Hamlet, NC (HAM)
Following a renovation that included moving and rotating the historic structure, the Hamlet depot now serves as a museum and site of a popular annual railroad festival.
2 Main Street at Bridges St.
Hamlet, NC 28345
Annual Station Ridership (2016): 4,698
- Facility Ownership: City of Hamlet
- Parking Lot Ownership: City of Hamlet
- Platform Ownership: CSXT
- Track Ownership: CSXT
For information about Amtrak fares and schedules, please call 1-800-USA-RAIL (1-800-872-7245).
The Hamlet depot, the only Victorian Queen Anne style station in North Carolina, was built in 1900 for the Seaboard Air Line Railroad as both a passenger station and division headquarters. This two-story station was originally constructed at the crossing of the Raleigh and Augusta Air Line and Central Carolina Railways. Restoration of the depot was completed in 2004, at a cost of $11.7 million, a joint project of the City of Hamlet and North Carolina Department of Transportation (NCDOT), utilizing federal transportation funds.
The restoration of this station was many years in the making with the drawings and preparations beginning in 1997. By 1999, CSX, the successor to the Seaboard Air Line, notified the city and NCDOT of a concern about restoring a building surrounded by active railroad tracks, so it was decided that the station should be moved to a less active area, southward across the east-west rail line, and rotated 90 degrees, to sit along Main Street, which was also realigned to accommodate the station. In 2001, CSX sold the station to the city of Hamlet for $1. In 2002, the 1942 brick addition was demolished and the original structure stabilized. In March of 2003, the moving company began preparing the building for the move and the station was jacked up and rotated. By April 4, 2003, the station had been moved 210 feet across the tracks to its new foundation and stabilized. Renovations began that summer and were completed by the fall of 2004.
The city of Hamlet dedicated the station to NCDOT Board of Transportation member, G. R. Kindley. The depot has received the Historic Preservation Society of North Carolina’s 2005 Carraway Award for outstanding preservation work by public agencies. The station has been on the National Register of Historic Places since 1992.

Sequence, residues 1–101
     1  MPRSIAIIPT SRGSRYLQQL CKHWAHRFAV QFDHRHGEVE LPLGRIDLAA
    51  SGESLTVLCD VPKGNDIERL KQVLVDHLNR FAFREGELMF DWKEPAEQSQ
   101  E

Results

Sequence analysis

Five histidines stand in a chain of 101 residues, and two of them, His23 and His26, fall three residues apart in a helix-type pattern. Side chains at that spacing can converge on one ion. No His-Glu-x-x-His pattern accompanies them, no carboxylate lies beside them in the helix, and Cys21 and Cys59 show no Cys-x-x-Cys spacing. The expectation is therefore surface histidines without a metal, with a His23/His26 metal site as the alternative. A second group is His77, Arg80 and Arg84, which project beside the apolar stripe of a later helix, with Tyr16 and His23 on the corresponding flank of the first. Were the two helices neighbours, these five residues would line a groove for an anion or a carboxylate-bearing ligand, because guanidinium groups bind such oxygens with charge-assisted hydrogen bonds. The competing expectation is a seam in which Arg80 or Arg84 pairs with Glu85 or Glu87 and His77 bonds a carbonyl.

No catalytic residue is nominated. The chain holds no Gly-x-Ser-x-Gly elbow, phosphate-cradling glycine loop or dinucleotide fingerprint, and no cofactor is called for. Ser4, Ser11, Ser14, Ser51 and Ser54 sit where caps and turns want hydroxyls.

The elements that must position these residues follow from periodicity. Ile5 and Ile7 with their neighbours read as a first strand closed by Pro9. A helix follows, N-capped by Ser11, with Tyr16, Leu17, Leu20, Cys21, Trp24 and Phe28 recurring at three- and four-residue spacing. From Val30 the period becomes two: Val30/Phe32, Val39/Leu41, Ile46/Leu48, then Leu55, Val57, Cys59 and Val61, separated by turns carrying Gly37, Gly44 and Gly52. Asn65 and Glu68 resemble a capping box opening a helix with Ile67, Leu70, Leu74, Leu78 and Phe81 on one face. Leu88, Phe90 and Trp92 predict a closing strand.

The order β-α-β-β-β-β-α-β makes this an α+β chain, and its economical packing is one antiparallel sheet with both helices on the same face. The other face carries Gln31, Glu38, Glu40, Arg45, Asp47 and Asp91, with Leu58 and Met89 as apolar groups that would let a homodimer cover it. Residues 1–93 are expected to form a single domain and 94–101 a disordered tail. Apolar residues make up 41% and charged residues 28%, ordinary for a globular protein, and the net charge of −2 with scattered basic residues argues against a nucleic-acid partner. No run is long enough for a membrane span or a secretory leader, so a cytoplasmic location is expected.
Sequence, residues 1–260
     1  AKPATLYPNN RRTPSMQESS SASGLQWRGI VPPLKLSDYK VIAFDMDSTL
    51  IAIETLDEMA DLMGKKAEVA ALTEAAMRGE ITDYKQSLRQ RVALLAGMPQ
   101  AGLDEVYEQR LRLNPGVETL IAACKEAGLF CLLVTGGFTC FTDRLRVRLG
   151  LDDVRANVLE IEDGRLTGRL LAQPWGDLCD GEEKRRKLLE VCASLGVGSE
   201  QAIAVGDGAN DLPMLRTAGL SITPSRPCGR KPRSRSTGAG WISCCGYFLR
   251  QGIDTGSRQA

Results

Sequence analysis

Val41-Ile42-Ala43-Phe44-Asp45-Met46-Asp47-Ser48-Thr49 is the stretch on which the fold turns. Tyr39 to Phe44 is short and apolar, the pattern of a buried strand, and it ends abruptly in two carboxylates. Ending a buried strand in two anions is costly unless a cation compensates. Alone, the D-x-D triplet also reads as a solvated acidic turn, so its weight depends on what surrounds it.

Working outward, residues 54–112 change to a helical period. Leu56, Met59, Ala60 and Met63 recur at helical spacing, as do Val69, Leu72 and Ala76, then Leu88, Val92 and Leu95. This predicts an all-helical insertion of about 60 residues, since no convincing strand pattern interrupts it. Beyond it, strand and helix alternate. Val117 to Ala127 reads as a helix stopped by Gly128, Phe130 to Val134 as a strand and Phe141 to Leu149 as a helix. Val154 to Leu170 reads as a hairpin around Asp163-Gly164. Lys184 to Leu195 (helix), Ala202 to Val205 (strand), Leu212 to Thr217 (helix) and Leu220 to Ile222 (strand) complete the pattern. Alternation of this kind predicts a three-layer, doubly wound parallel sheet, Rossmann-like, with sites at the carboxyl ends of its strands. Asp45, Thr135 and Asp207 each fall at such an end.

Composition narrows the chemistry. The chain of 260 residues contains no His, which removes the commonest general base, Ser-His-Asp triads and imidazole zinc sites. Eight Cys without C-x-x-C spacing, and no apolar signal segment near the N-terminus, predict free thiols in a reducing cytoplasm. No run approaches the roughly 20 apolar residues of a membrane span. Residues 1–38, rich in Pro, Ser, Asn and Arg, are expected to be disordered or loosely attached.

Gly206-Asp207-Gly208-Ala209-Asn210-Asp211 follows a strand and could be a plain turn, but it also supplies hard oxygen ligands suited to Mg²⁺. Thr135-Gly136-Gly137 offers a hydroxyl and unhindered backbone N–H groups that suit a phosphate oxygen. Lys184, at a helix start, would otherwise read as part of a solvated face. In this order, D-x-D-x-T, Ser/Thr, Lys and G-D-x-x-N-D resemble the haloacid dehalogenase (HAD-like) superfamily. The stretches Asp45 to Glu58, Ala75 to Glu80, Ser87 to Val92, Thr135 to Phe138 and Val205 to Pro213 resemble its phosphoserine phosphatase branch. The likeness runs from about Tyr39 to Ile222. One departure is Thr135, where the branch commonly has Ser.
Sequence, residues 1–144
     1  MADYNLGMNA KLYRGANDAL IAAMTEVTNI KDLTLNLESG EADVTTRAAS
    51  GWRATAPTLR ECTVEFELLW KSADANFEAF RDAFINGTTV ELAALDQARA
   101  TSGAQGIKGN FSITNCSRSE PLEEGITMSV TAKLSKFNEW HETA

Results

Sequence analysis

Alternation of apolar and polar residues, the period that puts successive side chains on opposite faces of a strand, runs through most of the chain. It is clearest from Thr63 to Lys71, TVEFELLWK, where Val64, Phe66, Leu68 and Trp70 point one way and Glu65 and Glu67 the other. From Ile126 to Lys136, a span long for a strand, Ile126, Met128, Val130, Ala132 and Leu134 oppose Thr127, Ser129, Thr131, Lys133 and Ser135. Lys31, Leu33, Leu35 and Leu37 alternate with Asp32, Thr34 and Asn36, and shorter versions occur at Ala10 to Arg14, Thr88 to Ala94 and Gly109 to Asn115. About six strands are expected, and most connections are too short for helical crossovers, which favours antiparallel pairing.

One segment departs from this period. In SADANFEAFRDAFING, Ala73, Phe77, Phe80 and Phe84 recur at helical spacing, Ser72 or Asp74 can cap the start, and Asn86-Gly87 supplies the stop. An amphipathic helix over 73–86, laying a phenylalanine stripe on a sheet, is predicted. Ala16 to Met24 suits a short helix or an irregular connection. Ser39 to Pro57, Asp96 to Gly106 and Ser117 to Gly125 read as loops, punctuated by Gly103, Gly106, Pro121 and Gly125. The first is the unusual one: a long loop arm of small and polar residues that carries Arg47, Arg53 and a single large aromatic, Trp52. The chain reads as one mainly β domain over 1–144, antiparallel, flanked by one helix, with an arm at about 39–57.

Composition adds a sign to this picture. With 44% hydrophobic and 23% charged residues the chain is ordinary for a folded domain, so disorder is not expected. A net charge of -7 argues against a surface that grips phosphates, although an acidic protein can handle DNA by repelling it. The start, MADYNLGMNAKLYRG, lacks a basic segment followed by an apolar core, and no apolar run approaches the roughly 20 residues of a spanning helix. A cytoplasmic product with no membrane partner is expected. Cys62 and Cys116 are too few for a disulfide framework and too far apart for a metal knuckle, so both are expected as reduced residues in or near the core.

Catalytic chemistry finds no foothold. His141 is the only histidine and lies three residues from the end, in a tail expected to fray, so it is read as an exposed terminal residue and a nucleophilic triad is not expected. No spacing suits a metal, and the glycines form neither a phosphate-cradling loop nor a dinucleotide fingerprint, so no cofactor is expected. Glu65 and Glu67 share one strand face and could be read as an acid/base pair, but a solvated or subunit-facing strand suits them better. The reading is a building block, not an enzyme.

In the late 1800s, John Shortridge established a woolen and saw mill along Marks Creek in the sand hills of North Carolina. In 1879, a railroad running from Wilmington passed through the area that would become Hamlet to the Pee Dee River, where it connected to a line running to Charlotte. Another railroad was being built from Raleigh through to Augusta; it was through the influence of early residents that these tracks also crossed through Hamlet. The town originally got its name from Mr. Shortridge, who observed to his friends that in his native England, such small villages were called “hamlets.” Hamlet was not incorporated as a city until 1897.
Hamlet grew with the railroad, as it provided hospitality for travelers passing from New York to Florida. By 1936, Hamlet was dubbed the “Hub of the Seaboard,” with five Seaboard Air Line Railroad lines leading out from the city and about 30 passenger train departures each day. Freight trains still come to Hamlet for maintenance at the CSX Transportation Maintenance Shops. The citizens of Hamlet today host the railroad-themed Annual Seaboard Festival Day on the fourth Saturday in October. The Hamlet depot is also home to a museum tracing the rail history of the area. It includes hands-on exhibits, visual displays and interactive consoles.
Hamlet is also the birthplace of legendary jazzman and saxophonist John Coltrane, and of the first African-American Marine officer, Frederick C. Branch.
Amtrak does not provide ticketing or baggage services at this facility, which is served by two daily trains.
Station Building (with waiting room)
- 30 Short Term Parking Spaces
Number of spaces available for Amtrak passengers to park for the day only, not overnight. Parking fees may apply.
- Accessible Payphones
- Accessible Platform
Accessible platform is a barrier-free path from the drop-off area outside the station to the station platform.
- Accessible Restrooms
- Accessible Ticket Office
- Accessible Waiting Room
- Accessible Water Fountain
- Baggage Storage
Baggage storage is an area where passengers may store their bags, equivalent to "left luggage" in Europe. A storage fee may apply.
- Bike Boxes
- Checked Baggage
- Dedicated Parking
- Enclosed Waiting Area
- Help With Luggage
- High Platform
A high platform is a platform at the level of the vestibule of the train, with the exception of Superliners.
Self-service lockers are available in select stations for passenger baggage storage.
- Long-term Parking Spaces
Number of spaces available for Amtrak passengers to park overnight. Parking fees may apply.
- Parking Attendant
- Pay Phones
- Shipping Boxes
- Ski Bags
- Wheelchair Lift
Wheelchair lift is a platform-mounted lift for loading passengers from low platforms onto trains that do not have onboard ramps.
For passengers who cannot walk far or at all, we offer a wheelchair to move the passengers around within the station. At some stations this may be a battery-powered people mover. The wheelchair or other types of movers must not leave the station or be moved onto the train.